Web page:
Rev. Eric Elnes Ph.D leads the Darkwood Brew a groundbreaking interactive web television program and spiritual gathering that explores progressive/emerging Christian faith and values.
Lately I have been speaking about something called “Convergence Christianity”. “Convergence” is a term that I coined a few months ago to describe the culmination of developments I have been quietly watching take shape both at Countryside Church and on the broader landscape of North American Christianity for several years. In a nutshell, what I’ve been seeing is people who used to be on one side or the other of the Great Theological Divide between Christian liberalism and conservatism leaving the baggage associated with their traditions behind and discovering one another in the context of a new common ground.
Convergence has been evident in every new group of people who have become members of Countryside in the last several years. We have attracted large numbers of former evangelicals who are seeking a more open, intellectually honest and inclusive form of faith, and mainliners who are seeking more robust engagement with their spiritual path, attention to the Bible, and an unapologetic embrace of Jesus and the Holy Spirit (i.e., things associated with the evangelical side of the divide, but in a more open, intellectually honest, and inclusive expression).
These developments have become widespread enough in America—and verifiable enough—that I finally coined the term “Convergence Christianity” to describe what I am seeing, and began speaking and writing about Convergence both at Countryside and beyond. (If you missed the sermon I preached about Convergence at Countryside, you may find a written version at http://www.onfaithonline.tv/darkwoodbrew/the-great-convergence/ and the video at https:// vimeo.com/channels/countrysidesermons/45024795).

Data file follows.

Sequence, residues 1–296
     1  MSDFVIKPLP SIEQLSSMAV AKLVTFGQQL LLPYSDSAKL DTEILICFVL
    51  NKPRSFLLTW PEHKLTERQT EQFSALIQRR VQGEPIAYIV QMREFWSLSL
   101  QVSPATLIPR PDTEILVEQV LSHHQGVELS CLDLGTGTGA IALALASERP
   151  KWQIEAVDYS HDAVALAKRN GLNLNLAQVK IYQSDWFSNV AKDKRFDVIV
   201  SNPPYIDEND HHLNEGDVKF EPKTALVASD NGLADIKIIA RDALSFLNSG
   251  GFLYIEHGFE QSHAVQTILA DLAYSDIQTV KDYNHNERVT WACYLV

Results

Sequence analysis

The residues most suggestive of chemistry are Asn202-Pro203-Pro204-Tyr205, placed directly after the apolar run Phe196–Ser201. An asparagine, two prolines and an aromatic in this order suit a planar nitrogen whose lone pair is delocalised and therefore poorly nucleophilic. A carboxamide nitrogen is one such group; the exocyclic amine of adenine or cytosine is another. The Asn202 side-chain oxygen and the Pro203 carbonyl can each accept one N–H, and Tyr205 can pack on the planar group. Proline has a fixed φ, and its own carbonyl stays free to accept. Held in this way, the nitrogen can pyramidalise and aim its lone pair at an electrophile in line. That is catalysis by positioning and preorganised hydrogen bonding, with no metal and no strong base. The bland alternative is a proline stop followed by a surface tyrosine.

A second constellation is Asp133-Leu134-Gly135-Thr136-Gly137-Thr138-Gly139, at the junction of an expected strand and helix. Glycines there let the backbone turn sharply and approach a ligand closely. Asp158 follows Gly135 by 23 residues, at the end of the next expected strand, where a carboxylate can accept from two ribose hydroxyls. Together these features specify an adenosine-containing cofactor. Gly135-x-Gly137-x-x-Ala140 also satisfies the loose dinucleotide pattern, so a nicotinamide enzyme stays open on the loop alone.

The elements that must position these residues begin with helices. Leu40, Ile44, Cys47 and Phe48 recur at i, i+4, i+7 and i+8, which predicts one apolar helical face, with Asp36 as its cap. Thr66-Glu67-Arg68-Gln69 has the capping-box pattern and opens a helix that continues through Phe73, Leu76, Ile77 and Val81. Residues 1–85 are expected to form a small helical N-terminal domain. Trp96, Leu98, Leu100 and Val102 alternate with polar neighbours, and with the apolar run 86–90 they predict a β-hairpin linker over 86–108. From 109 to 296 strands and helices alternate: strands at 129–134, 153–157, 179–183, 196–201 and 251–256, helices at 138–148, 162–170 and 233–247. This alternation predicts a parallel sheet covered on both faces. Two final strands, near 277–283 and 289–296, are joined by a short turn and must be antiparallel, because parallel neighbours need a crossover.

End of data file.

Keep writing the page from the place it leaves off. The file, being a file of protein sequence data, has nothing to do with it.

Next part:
Much to my surprise, since I began using the term publically, it has taken off like wildfire around the country. It’s the first time in my life that something like this has ever happened! My head is spinning a bit as I endeavor to process what’s going on and discern the implications for Countryside and the role Countryside might be uniquely equipped to play in helping to bring post-evangelicals and post-liberals together in a new religious alignment, both in Omaha and beyond.
As I’ve been mulling over these issues, I have set down a few thoughts about what the emerging common ground looks like concretely. What follows are twelve characteristics that shouldn’t come as any surprise to you, as we’ve been in Convergence mode for some time. These will likely shape North American Christianity more and more in the coming years. They fall under three general categories known as The Three Great Loves: Love of God, Love of Neighbor, and Love of Self. For each characteristic, I have identified something these communities generally are letting go of, and the new reality they generally are embracing. I say “generally,” because not all communities are exactly alike. Some share more of this common ground than others. The time is coming when these twelve attributes will be part of what is considered the new “guiding source of attraction” by adherents of many communions.
Love of God